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Tuesday 11 July 2017: Tools and Skills

With nine hours of Wikimedia training at the Moore Library over recent weeks behind me, I’m naturally in a meditative mood. Last Thursday I used “real data” on my trainees.

One exercise was with 20 sheets of A4, each about a person called John Eyre. I asked the group to determine how many distinct people there were. One point was to cultivate respect for the underlying issue of “disambiguation”. As in the case I posed, it may be by no means straightforward to answer the question “is A = B?”. Leibniz, who has come up before in these postings, said this is true if, and only if, A and B have all the same properties (his “principle of indiscernibles”). As mathematicians say, one way is trivial.

In practice, though, much research may be needed. It was interesting to see that, although my initial talk had gone over tools for disambiguation, on Wikipedia and Wikidata, and via “reconciliation”, the group concentrated on close reading of the information they were given. One skill I saw as missing was thinking outside the box, therefore. But then the exercise was a bit unfair, for those who took it to be a packaged-up lesson. Perhaps that is another way of putting the same point. The toolbox can include dissatisfaction with progress down one avenue. A discussion about circumstantial evidence and identification was available, but didn’t happen.

[IMAGE = Toolbox]

Another exercise was with newspaper headlines, largely from The Guardian. There I asked the group to mark up those that could, even in principle, be placed in Wikidata as facts. There were three classes: R, representing a binary relation R(x,y) that could be read as “item x in Wikidata could carry the statement P(y)” where y is another item and P is a property making the statement logically equivalent to R(x,y). So for example x being David Beckham, y being Victoria Beckham, and P reading “spouse”.

There were two other classes, R+Q for a potential statement with a qualifier (such as an attribution for a statement), and also R+QQ for more complex uses of qualifiers. It looked like about 10% of headlines could be marked up, with my pre-selection: most headline writers in the mainstream press put some spin or interpretation into their work, to pep up the news. The exercise (10 minutes) seemed successful in surfacing a few issues around factuality and its expression.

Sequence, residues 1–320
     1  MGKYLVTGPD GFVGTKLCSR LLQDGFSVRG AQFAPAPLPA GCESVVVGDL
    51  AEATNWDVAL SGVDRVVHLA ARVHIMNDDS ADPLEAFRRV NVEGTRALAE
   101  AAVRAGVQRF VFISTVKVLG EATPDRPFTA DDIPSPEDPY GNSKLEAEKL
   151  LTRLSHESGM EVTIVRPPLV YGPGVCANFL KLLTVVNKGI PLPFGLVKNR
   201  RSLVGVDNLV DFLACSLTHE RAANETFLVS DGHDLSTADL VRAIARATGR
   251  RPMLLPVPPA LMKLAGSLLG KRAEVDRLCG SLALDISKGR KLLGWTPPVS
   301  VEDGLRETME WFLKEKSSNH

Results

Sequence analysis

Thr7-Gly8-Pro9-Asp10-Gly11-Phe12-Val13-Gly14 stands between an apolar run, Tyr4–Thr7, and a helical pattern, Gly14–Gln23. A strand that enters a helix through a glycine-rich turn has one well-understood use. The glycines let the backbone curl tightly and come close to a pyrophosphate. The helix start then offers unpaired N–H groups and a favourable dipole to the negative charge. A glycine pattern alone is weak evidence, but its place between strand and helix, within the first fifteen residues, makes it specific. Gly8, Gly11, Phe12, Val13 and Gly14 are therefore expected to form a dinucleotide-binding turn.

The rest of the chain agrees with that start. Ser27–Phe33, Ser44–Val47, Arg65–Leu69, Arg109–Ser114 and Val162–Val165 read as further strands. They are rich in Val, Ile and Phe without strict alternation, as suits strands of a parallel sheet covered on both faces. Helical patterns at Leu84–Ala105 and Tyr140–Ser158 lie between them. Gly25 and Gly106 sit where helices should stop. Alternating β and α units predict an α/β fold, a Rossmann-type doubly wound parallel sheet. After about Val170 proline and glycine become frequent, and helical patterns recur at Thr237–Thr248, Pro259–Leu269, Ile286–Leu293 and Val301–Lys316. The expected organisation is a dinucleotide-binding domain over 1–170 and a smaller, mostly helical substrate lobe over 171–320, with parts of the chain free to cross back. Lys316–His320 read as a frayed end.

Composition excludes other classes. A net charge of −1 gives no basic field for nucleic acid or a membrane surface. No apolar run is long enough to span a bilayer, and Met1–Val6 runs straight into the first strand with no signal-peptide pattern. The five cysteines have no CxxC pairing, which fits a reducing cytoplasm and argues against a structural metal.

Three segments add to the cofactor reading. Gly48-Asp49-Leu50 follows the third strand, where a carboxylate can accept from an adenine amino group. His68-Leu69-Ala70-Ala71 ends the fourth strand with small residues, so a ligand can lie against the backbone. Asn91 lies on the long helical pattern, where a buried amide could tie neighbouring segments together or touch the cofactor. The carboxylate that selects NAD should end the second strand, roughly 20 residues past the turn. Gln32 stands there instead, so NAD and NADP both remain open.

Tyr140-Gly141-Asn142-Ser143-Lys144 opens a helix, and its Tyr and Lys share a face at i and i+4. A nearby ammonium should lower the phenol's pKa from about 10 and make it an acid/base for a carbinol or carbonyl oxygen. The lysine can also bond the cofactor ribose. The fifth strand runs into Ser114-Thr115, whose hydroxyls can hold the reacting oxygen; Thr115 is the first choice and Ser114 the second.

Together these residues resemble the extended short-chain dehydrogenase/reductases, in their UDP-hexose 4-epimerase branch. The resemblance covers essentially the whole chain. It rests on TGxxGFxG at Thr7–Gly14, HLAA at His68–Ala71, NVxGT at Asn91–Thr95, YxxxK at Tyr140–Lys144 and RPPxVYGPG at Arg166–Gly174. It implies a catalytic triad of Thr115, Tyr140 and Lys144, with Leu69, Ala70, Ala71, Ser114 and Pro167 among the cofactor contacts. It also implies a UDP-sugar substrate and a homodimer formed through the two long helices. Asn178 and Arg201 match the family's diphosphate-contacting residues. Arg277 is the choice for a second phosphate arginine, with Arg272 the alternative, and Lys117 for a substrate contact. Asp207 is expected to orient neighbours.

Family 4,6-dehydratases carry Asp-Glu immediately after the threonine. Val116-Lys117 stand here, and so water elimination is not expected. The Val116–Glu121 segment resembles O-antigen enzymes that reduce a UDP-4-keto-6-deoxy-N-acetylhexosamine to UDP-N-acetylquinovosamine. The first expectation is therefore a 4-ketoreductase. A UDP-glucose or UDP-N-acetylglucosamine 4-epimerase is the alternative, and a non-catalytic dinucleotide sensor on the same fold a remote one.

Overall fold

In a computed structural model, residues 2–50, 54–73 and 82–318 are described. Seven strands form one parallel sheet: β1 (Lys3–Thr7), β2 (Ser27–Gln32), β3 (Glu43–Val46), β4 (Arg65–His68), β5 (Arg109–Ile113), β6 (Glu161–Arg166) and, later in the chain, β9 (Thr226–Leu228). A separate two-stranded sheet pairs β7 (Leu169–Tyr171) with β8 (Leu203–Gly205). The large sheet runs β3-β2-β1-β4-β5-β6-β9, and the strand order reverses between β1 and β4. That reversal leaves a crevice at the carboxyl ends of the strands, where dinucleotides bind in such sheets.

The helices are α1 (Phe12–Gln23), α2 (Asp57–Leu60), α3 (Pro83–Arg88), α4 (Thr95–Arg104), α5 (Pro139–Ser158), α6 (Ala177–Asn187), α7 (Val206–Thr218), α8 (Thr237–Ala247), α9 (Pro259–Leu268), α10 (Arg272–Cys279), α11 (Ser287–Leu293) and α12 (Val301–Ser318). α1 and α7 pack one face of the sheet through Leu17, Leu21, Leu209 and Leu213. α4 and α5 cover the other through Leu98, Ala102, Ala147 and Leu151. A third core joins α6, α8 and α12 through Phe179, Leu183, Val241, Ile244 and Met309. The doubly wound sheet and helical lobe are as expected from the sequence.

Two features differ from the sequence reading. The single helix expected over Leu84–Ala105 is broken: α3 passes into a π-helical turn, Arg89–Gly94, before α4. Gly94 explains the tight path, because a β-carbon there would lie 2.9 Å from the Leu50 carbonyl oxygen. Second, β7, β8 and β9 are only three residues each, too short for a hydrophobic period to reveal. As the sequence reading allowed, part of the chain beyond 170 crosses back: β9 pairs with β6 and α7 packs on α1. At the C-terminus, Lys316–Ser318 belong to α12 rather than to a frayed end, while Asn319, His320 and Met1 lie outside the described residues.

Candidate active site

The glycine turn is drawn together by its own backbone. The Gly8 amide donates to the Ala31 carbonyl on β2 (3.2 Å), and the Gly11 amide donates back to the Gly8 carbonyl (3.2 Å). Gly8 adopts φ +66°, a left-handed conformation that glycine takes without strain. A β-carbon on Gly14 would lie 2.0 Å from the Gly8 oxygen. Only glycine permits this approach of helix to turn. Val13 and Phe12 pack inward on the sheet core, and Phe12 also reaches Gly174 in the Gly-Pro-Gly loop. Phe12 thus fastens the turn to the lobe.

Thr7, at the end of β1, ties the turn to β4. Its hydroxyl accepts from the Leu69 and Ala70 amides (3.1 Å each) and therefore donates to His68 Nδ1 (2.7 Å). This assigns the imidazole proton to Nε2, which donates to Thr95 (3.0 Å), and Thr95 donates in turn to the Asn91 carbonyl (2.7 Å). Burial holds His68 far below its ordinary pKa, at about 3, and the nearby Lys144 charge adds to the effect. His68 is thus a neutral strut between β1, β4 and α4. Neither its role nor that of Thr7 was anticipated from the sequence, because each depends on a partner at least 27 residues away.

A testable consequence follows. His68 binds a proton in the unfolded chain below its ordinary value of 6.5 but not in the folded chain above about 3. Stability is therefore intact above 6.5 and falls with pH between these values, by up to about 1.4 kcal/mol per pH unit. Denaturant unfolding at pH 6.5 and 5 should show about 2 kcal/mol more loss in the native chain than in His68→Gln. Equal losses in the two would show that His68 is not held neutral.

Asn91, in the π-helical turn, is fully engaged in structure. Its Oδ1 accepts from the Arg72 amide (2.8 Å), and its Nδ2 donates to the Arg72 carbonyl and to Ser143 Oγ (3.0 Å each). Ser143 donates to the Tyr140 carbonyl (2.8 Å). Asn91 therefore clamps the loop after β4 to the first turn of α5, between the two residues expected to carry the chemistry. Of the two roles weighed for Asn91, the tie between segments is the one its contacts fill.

One other thing from the same session was a callback to my idea of “niche” (see my Reliability Ecology posting). Dealing with Wikidata’s reliability, there is a common remark that statements about external identifiers, making up a good 50% of current Wikidata content, “don’t need” references. Well, critical thinking is involved. Such statements amount to saying that item I on Wikidata is the same as item J in another online database D. Some sort of warranty that the identification I=J is correct would be valuable; but the real point is that there is a link from I to D, and simply re-expressing that linkage as a reference gets one no further forward. In fact it may camouflage an error in identification, which is why the niche terminology is apt.

Overall, the need for research skills came up in the first hands-on session as well as the third. Gender issues came up at the end of that session, and in the second talk. Actual proposed solutions to the “workflow issue”, or in other words how to do Wikimedia editing effectively, were seen to lie with serious tools: Petscan, SPARQL, mix’n’match. I was not giving industrial-style training designed solely to move people up the learning curve with just one tool, though I hope what I did with SPARQL had some of that effect.

My link list for the third session is online. A general point that came up is that Venn diagrams are both useful, and just a bit unfamiliar in some contexts I learned via SMP maths back in the day. They are a very basic tool for “engaging with data”. This series of posts will come to an end here, at least for the present.

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